Since it started in its current format as the NFL’s main primetime package in 2006, the defining feature of NBC’s Sunday Night Football has been the use of flexible scheduling to ensure the best matchups and showcase the best teams as the season goes along. Well, that’s the theory, anyway; the reality has not always lived up to the initial hype and has at times seemed downright mystifying. Regardless, I’m here to help you figure out what you can and can’t expect to see on Sunday nights on NBC.
A full explanation of all the factors that go into flexible scheduling decisions can be found on my NFL Flexible Scheduling Primer, but here’s the Cliffs Notes version with all the important points you need to know:
- The season can be broken down into three different periods (four if you count the first four weeks where flexible scheduling does not apply at all) for flexible scheduling purposes, each with similar yet different rules governing them: the early flex period, from weeks 5 to 10; the main flex period, from weeks 11 to 16; and week 17. In years where Christmas forces either the Sunday afternoon slate or the Sunday night game to Saturday in Week 16, flex scheduling does not apply that week, and the main flex period begins week 10.
- In all cases, only games scheduled for Sunday may be moved to Sunday night. Thursday and Monday night games, as well as late-season Saturday games, are not affected by Sunday night flexible scheduling (discounting the “flexible scheduling” applied to Saturday of Week 16 this year and last – see below).
- During the early and main flex periods, one game is “tentatively” scheduled for Sunday night and listed with the Sunday night start time of 8:20 PM ET. This game will usually remain at that start time and air on NBC, but may be flexed out for another game and moved to 1, 4:05, or 4:25 PM ET on Fox or CBS, no less than 12 days in advance of the game.
- No more than two games can be flexed to Sunday night over the course of the early flex period. If the NFL wishes to flex out a game in the early flex period twelve days in advance, CBS and Fox may elect to protect one game each from being moved to Sunday night. This is generally an emergency valve in situations where the value of the tentative game has plummeted since the schedule was announced, namely in cases of injury to a key star player.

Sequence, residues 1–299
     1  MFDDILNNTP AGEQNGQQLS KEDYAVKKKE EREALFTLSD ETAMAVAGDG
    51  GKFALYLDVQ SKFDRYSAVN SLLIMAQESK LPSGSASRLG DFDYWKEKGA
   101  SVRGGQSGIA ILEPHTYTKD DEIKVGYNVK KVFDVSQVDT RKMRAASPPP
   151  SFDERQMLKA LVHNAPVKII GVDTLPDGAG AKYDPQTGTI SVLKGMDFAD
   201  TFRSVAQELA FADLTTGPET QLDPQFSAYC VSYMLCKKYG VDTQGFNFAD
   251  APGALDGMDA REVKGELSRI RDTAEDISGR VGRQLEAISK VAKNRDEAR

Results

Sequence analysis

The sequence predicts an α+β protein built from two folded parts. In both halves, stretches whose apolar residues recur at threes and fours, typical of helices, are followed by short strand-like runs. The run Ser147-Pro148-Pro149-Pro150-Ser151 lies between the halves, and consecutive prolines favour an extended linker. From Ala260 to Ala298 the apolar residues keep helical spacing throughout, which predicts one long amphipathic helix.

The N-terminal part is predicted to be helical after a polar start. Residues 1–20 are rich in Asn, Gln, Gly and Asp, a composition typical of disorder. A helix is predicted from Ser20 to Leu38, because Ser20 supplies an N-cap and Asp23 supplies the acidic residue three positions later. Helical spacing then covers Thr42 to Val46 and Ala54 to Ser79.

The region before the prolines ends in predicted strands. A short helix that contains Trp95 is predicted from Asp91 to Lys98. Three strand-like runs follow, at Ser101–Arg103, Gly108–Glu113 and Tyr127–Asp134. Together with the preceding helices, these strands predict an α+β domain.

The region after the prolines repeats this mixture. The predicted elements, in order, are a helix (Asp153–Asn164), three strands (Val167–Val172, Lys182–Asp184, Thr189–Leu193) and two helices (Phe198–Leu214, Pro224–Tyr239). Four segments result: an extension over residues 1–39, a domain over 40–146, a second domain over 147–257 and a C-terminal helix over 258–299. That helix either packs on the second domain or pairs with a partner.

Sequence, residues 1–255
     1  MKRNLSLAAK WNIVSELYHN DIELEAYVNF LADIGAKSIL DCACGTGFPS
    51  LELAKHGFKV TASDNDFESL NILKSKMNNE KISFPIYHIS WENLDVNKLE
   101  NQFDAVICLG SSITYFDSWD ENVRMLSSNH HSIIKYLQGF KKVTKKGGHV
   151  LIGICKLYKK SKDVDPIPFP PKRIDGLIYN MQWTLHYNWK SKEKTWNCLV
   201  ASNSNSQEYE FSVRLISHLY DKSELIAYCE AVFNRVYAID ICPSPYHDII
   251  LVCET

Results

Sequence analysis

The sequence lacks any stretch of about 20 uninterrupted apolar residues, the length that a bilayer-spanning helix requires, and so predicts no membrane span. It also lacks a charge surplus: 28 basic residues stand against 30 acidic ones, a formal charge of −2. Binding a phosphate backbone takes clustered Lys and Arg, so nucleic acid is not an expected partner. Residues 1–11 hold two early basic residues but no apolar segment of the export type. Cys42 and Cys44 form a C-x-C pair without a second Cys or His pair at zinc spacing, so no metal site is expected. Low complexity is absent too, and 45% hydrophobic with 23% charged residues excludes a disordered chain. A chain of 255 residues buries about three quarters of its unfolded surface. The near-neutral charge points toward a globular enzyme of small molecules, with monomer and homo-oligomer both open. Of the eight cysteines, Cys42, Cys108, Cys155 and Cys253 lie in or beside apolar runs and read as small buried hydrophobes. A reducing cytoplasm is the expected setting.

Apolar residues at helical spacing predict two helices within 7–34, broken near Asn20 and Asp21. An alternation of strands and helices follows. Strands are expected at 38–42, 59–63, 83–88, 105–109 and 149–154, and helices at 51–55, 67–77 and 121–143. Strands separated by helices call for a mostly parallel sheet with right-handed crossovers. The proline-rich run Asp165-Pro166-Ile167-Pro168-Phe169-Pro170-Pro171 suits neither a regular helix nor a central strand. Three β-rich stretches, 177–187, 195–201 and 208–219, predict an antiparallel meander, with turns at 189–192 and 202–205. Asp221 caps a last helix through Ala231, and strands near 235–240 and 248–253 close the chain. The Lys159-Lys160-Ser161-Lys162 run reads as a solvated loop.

- CBS and Fox may also each protect games in five out of six weeks of the main flex period, but all of those protections must be submitted after week 5, week 4 in years where the main flex period begins week 10 (so it is always six weeks before the start of the main flex period).
- No team may appear more than six times across the league’s three primetime packages on NBC, ESPN, and Fox/NFL Network, and only three teams are allowed to appear that often, with everyone else getting five. In addition, no team may appear more than four times on NBC. All teams’ number of appearances heading into this season may be seen here.
- According to the league’s official page, teams are notified when “they are no longer under consideration or eligible for a move to Sunday night.” However, they rarely make this known to the fans, and the list of each network’s protections has never officially been made public. It used to leak fairly regularly, but has not leaked since 2014.
- In all cases, the NFL is the ultimate arbiter of the schedule and consults with CBS, Fox, and NBC before moving any games to prime time. If the NFL does elect to flex out the Sunday night game, the network whose game is flexed in may receive the former tentative game, regardless of which network would “normally” air it under the “CBS=AFC, Fox=NFC” rules, keeping each network’s total number of games constant. At the same time, the NFL may also move games between 1 PM ET and 4:05/4:25 PM ET. However, this feature focuses primarily if not entirely on Sunday night flexible scheduling.
- In Week 17, the entire schedule is set on only six days notice, ensuring that NBC gets a game with playoff implications, generally a game where the winner is the division champion. More rarely, NBC may also show an intra-division game for a wild card spot, or a game where only one team wins the division with a win but doesn’t win the division with a loss, but such situations are rare and last year was the first time it showed such a game. If no game is guaranteed to have maximum playoff implications before Sunday night in this fashion, the league has been known not to schedule a Sunday night game at all. To ensure maximum flexibility, no protections or appearance limits apply to Week 17. The NFL also arranges the rest of the schedule such that no team playing at 4:25 PM ET (there are no 4:05 games Week 17) could have their playoff fate decided by the outcome of the 1 PM ET games, which usually means most if not all of the games with playoff implications outside Sunday night are played at 4:25 PM ET.
Here are the current tentatively-scheduled games and my predictions:
Week 11 (November 17):
- Selected game: Chicago @ LA Rams.
Week 12 (November 24):
- Selected game: Green Bay @ San Francisco.
Week 13 (December 1):
- Selected game: New England @ Houston.
Week 14 (December 8):
- Selected game: Seattle @ LA Rams.
Week 15 (December 15):
- Selected game: Buffalo @ Pittsburgh.
Week 16 (December 22):
It appears the NFL will exercise the 6-day window to decide whether to flex the Saints-Titans game in Week 16. It's usually a 12-day window except in Week 17, but all parties agreed to it this time. Would not be surprised if this ends up a night game.